Telcos risk being left behind in the digital new world

By Nicole Miskelly | 5 May 2015

If telecoms companies cannot keep up with increasing customer demands and disruption by technology groups, then they risk being left behind, reports the Financial Times.

The FT suggests that telecoms companies “want to become much more than providers of basic connections in a digital world in which technology is undermining traditional revenues” and that companies risk being left behind or cast aside as the providers of the mainframe that enables technology groups to make their fortunes.

According to the FT, telecoms groups are rising to the challenge and are gaining higher profits and share prices through better economic conditions and help from regulators who are encouraging industrial growth through consolidation in specific regions such as Europe.

Hans Vestberg, chief executive of Ericsson, told the online newspaper that the biggest risk is not making the right strategy decisions within the fast-moving market. “You need to move now to where you want to play in the future.”

Vestberg says that in the past telecom carriers all made the same moves but now with options such as TV and media, cloud and the internet of things, they have a lot more choice. “Ten years ago, they did all the same things. But now carriers have suddenly got a lot of options – some will go into TV and media, others into cloud services, others the connected car and home.”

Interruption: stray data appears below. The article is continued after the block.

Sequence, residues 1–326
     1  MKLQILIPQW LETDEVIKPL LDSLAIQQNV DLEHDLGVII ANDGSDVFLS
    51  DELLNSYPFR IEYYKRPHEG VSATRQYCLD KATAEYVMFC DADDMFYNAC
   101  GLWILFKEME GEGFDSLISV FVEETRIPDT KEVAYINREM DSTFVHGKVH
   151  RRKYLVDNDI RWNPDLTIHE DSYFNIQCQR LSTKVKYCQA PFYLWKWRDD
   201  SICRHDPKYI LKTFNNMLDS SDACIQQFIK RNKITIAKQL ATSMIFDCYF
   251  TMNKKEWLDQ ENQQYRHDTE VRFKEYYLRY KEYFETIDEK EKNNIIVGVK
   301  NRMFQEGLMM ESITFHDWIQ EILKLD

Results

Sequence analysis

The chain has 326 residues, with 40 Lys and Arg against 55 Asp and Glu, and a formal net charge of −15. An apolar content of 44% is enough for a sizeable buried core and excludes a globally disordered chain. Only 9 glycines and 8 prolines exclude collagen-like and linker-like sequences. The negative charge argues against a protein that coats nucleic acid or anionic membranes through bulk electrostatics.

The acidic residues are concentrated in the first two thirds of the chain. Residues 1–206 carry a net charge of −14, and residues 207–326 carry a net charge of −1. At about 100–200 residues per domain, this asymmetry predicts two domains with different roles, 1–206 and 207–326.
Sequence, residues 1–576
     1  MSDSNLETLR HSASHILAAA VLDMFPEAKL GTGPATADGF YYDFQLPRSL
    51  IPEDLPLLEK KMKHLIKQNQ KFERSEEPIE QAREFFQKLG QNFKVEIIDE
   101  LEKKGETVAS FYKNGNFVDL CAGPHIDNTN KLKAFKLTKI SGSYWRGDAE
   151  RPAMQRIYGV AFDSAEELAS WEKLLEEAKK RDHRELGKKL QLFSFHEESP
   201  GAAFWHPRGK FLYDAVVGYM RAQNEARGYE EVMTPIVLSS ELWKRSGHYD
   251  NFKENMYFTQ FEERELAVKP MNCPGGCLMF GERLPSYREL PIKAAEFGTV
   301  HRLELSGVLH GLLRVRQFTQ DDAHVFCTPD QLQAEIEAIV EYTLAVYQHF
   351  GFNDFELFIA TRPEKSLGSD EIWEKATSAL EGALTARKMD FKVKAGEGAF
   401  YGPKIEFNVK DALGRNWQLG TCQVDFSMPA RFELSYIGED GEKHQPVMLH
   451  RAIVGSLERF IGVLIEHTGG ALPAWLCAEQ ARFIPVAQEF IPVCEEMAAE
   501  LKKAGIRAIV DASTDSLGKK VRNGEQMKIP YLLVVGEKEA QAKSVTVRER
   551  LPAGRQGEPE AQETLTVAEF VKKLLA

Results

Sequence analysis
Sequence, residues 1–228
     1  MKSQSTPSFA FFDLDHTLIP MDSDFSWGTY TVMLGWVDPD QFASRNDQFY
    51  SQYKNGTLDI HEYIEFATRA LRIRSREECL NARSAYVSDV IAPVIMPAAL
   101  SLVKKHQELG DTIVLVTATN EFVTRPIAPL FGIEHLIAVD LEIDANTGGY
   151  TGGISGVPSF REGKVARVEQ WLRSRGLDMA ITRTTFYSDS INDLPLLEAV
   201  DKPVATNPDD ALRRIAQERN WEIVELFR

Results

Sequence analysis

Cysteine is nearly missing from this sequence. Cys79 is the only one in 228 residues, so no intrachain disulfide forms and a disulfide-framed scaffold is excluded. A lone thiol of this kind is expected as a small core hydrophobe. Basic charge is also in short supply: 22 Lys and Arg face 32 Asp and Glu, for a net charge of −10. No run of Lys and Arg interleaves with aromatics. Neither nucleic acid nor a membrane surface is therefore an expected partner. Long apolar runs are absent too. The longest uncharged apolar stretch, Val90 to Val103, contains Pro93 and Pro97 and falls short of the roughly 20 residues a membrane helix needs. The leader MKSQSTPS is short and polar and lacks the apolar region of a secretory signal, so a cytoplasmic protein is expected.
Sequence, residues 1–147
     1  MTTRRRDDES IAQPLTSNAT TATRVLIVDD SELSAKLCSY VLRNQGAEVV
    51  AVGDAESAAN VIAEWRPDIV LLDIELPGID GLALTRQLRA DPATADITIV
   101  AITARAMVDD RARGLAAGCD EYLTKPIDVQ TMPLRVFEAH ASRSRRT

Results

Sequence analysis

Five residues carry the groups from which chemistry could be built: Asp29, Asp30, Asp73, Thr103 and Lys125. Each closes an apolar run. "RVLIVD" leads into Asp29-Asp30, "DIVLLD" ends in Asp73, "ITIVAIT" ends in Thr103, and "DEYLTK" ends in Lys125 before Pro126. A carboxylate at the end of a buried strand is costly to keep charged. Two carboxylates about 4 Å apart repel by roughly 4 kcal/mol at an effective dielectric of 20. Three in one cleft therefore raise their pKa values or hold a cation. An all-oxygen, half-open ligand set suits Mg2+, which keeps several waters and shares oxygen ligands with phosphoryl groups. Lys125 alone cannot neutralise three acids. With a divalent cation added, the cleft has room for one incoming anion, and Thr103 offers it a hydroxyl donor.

Many telcos would like to create a connection to the internet, to become the provider of services and TV and music content. Consumers currently have the ability to choose which screen to watch, play and work from which ranges from tablet, to smartphone and TV. Recent M&A deals such as £12.5bn acquisition of EE by BT demonstrate the desire of telecoms to play out this trend.

According to research from Mobile World, mobile revenues are estimated at nearly $100bn a month and the telecoms market gained nearly $2tn in revenues over the last twelve months, with 61 per cent of this amount generated from mobile services.

Despite the figures, reports suggest that telecoms are going through a period of change and that there are risks involved when setting out business strategies. “It’s a new turf. There will be competitors in the technology industry wanting the same customers,” said Vestburg.

The FT says that the biggest risk at the moment is ignoring what is happening in other sectors, such as the technology sector that looks set to directly compete with telecoms groups in the areas of messaging, internet-based voice and network services. Links with customers, through customer billing, are also being disrupted by the introduction of services such as Google Play, iTunes and Amazon.

The article suggests that network operators are losing control of the customer and according to Laurent-Pierre Baculard, partner of Bain & Company, if telecom groups are to keep up with the changing digital environment, they need to invest in their networks to provide better connectivity and monitoring of sensors and other connected objects and “become enablers of an integrated, premium digital lifestyle, not only entertain and communicate, but as smart and connected homes and cars, security, healthcare and other digital services.”


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